FileMaker Pro 11 Upgrade
Write a Review
"Excellent Data base Software"
Strengths: This has been shown to be a fully implemented, relational data base with an easy to use programming interface. I am very impressed with the capabilities and the nice addition of graphs.
Weaknesses: Too bad it wasn't included with Microsoft Office for Mac like Access. Obviously this isn't possible until Microsoft buys Filemaker. Version 11 won't run on an OS9 compatible machine. Have to use version 10 for that.
Comments: Software Media was easy to order from and quickly processed and shipped my order for a copy of Filemaker Pro 10 which I am running on a OS9 compatible, OS 10.4 machine. I am about to upgrade to Filemaker Pro 11 on my other computers.
"Best database application available"
Strengths: I've been using FileMaker Pro for years, and although I've occassionally checked into other solutions, overall it's the best database application available. Although it includes dozens of built-in templates for tracking personal and business data, its real power comes as a rapid development platform for desktop database systems. I've used REALbasic and Microsoft Access, but neither come close to the time-saving features FileMaker has. Not only can it be used as a back-end database for the web, but can also work as the front end to numerous SQL based systems, which is handy when developing web sites and you need a simple interface into the MySQL database. Creating layouts to view data for the screen or reports is a snap, and FileMaker's layout wizard will even make them attractive by default.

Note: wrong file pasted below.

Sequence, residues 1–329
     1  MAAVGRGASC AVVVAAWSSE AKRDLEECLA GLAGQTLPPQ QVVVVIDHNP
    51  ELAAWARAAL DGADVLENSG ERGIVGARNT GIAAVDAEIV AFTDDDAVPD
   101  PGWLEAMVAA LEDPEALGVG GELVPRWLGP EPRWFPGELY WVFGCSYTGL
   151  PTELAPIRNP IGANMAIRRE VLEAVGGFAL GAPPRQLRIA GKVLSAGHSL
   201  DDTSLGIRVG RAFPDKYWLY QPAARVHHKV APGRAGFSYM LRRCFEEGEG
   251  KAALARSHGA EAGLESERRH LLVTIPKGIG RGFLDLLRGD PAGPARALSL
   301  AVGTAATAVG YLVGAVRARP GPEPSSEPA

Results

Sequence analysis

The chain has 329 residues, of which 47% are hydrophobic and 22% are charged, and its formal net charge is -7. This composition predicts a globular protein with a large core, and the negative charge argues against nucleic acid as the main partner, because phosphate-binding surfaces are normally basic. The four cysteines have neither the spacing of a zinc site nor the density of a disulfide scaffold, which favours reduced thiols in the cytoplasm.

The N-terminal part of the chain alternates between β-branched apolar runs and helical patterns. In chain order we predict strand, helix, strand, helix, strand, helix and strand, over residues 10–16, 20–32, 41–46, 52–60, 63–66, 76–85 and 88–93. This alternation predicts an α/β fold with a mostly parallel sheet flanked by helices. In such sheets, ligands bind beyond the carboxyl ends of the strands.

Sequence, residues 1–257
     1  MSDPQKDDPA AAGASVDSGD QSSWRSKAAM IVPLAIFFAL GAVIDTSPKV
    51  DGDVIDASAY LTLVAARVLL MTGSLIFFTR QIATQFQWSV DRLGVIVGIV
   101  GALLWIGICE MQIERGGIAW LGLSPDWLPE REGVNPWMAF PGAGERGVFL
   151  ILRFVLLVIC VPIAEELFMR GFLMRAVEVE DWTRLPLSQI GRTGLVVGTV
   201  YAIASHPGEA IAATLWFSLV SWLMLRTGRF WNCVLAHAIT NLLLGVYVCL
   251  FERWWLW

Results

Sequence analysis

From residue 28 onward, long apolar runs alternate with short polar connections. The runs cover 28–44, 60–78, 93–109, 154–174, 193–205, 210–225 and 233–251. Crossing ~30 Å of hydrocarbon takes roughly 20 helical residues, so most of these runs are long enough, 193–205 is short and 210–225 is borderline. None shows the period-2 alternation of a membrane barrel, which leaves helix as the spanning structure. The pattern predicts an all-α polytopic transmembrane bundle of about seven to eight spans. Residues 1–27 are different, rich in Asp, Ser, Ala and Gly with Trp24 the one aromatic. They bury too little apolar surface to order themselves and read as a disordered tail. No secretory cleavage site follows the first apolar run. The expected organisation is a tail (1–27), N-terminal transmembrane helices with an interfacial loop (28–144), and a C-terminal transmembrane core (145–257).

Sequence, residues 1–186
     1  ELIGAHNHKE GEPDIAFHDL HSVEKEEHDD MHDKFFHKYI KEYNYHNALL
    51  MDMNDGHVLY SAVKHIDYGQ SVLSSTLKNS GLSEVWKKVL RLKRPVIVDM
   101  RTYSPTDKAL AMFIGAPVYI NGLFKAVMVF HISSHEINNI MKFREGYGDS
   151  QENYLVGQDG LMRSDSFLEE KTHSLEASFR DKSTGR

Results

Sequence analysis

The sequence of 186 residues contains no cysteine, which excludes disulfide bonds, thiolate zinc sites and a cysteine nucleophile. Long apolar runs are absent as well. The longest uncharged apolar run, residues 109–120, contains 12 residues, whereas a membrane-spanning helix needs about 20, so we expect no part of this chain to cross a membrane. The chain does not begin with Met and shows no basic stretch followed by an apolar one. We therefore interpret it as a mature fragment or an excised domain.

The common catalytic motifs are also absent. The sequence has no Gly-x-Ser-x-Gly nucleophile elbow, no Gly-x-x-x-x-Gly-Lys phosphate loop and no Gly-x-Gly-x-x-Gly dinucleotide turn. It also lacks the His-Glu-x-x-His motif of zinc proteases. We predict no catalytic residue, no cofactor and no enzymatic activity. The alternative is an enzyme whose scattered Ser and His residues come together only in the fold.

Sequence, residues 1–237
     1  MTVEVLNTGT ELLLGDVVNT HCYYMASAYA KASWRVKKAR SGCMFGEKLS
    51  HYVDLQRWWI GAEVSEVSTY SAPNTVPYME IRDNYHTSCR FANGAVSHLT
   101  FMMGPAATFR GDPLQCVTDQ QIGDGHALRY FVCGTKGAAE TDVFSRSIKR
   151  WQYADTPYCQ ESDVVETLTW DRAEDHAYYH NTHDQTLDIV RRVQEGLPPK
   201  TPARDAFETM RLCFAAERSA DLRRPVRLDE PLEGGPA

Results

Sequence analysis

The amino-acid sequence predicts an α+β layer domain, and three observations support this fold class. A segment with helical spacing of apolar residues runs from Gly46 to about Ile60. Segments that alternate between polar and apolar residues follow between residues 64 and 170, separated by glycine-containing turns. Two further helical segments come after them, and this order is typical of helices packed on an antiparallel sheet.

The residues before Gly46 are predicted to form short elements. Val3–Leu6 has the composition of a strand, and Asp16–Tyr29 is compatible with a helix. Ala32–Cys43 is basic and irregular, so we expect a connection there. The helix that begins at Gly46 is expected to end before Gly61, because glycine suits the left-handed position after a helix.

Having looked at other database systems over the years, I still use FileMaker for 90% of my database needs primarily because of the features that continue to be added with each version. Scripting has become much easier since the introduction of script variables and return values, custom functions allow common calculation code to be saved in a single location, and built-in portal filtering, added with version 11, makes it much easier to provide dynamic views into related data. Custom menus allow me to completely control the menu interface for the end user, and the fact that all of this is cross-platform, working on Mac OS X and Windows, solidifies the choice.
FileMaker isn't the perfect solution for every scenario, however. If you're running a database for a massive web site, you should probably take a look at MySQL, but FileMaker is useful even then to provide an easy interface into the MySQL database, and if you need your desktop application to look native for the target OS, it's possible but tedious with FileMaker, and REALbasic with MySQL as the back-end would be a better choice. If you're confined to running Windows, Access is an option, but I don't find it nearly as easy to use. When I need to build a large-scale web site that can handle hundreds of simultaneous users, I go with MySQL as the back end database system with either PHP or REALbasic providing the front end to users.
"Very good, way below list price!"
Strengths: Simple relational database with flexibility and power. It is like an Excel spreadsheet, with the addition of simple yet powerful query capabilities. Does the job for me.
Weaknesses: None that I know of. Haven't tried it on huge databases, however.
Comments: User-friendly interface, ideal for small business.